Census Cons

/ Wednesday, July 28, 2010 /
Well, another beautiful day here in Canada's happiest city. I've got a few friends and acquaintances who are going to argue with this unlikely assertion but I have to admit I like the idea - why would the people at Lonely Planet make such a thing up? There must be some truth to it. Montreal, by the by, was second worldwide to a place that resembles what most us imagine paradise to look like, Vanuatu. So next to paradise, Montreal is the second best place to be.

Yesterday in Ottawa Industry Minister Tony Clement testified on behalf of the Tory government to stubbornly try and justify their doing away with the long form census in spite of all those lined up against the government's position -- including many of their own allies. The Globe and Mail called it a masterful defence of a false fact.

Their concern like many others who disagree with the Tory position is that: We won’t know any more, for sure, how many same-sex couples live among us, how many people are coping with physical or mental difficulties, how well people are speaking English or French, where people came from, how many Indians and other aboriginals there are, who has moved from where to where, who works at what and how much we get paid, who’s paying child support, how the housing stock is fairing, and much more.

Maclean's Magazine blogger Scott Feschuk described Tony Clement as sounding, like a wet-lipped halfwit. Which is fairly generous considering the content of what he argued yesterday. Here's some of that tasty fear-mongering: “I cannot support the opposition's belief that Canadians not wishing to answer these questions are criminals,” Mr. Clement said in a statement released Tuesday evening. “It is truly regrettable that the Liberals, NDP and Bloc Québécois will not take a reasonable approach to addressing personal privacy rights of Canadians in the pursuit of invasive data.”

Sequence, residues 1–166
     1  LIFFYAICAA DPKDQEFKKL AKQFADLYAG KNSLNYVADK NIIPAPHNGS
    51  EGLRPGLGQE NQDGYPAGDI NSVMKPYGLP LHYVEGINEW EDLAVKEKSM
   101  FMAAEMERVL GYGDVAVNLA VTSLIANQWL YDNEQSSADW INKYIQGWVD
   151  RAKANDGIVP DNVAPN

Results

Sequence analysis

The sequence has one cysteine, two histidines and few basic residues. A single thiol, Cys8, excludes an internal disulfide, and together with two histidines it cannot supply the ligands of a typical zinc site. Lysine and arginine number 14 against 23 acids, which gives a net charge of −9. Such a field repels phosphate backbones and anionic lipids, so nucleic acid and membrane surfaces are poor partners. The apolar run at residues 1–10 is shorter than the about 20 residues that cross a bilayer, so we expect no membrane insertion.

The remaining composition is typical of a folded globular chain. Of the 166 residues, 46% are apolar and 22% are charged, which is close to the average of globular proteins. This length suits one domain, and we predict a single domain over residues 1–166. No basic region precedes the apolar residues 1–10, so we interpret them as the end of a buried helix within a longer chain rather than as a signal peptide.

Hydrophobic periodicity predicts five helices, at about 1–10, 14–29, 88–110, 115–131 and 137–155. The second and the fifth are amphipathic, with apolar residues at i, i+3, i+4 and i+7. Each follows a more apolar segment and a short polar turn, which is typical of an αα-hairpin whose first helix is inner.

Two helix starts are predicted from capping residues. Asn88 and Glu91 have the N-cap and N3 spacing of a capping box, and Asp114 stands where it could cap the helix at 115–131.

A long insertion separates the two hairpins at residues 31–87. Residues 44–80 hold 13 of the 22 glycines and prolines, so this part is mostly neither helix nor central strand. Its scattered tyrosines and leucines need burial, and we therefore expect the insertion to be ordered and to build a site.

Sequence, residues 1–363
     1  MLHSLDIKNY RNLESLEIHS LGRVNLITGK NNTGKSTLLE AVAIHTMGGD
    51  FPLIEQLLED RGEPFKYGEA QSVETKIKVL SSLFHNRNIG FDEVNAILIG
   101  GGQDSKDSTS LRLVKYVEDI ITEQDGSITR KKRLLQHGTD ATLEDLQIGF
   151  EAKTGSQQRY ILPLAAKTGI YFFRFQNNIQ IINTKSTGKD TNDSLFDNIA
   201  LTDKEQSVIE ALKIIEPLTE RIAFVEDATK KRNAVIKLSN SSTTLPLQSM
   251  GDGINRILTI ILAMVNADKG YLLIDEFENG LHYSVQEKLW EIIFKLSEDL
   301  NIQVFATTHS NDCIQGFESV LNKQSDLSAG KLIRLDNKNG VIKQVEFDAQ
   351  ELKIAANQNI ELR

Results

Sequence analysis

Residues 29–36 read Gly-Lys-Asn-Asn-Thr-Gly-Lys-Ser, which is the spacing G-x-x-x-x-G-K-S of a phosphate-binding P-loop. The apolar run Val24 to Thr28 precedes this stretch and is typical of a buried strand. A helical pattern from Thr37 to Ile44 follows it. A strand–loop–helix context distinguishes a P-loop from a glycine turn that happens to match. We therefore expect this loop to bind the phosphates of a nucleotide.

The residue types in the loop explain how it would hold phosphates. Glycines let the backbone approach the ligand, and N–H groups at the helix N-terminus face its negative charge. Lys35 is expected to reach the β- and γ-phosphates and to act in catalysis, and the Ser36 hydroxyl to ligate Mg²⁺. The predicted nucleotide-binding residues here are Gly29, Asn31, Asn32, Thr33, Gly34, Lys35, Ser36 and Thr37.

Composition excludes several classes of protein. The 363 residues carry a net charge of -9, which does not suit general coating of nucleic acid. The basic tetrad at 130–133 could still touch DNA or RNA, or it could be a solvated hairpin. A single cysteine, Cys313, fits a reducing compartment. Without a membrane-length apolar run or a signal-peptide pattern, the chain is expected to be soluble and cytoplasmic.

While his performance has been roundly panned, he sounded like Aristotle in comparison with Stockwell Day, who ominously asked if it’s right that the government can ask your neighbour “whether she is a Jew or not? Don’t you find that one even a little bit chilling?” Yikes!

Munir Sheikh's testimony disputed the idea that he supported the government scrapping the mandatory long-form census and the fact that it was being reported that he did was what caused him to resign. No statistician would have made such a recommendation, said Dr. Sheikh, who struggled with his emotions as he addressed the committee. “It really cast doubt on the integrity of the agency,” he said. “And I, as the head of that agency, cannot survive in that job.”

As troubling as all this is over at Rabble.ca Linda McQuaig notes that in many ways this is an attack on the poor, a way to further marginalize them. Sam Boshra, a former analyst for Statistics Canada, puts it this way: "If this results in the poor and unemployed being undercounted, the government could justify reallocating resources away from programs targeting these disadvantaged groups."

It also lends support to the Fraser Institute's disturbing idea of redefining poverty in Canada: The Fraser Institute favours a measure based on minimal subsistence. Under this approach, children are considered not to live in poverty as long as they have food and shelter, even if they lack things most Canadians consider basic -- like books, toys, school supplies.

Using the Fraser poverty calculation, vast swaths of Canada's poor simply disappear, reclassified as middle class -- even as children fall behind at school because their parents can't pay for field trips or calculators. Sounds unconscionable doesn't it? Is this the vision we want for Canada?

Our neighbors to the south have allowed right-wing think tanks to dominate the public discourse and define the terms of the various arguments that are taking place and it has led them to a kind of divisiveness I would never have thought possible. It has been one of the prime drivers in helping to shrink the middle-class, to propagandize and misinform and get people to vote against their own best interests. We cannot allow it to happen here.

Julian Assange In Conversation

/ /
I was getting ready to blog and looking around for Julian Assange's bio when I came upon a TED video talk he had just a few short days before the release of the 92,000 plus reports on the Afghanistan war. Very interesting and yet another reason to love the intertubes.



Copyright © 2010 NEW MEDIA AND POLITICS CANADA, All rights reserved
Design by DZignine. Powered by Blogger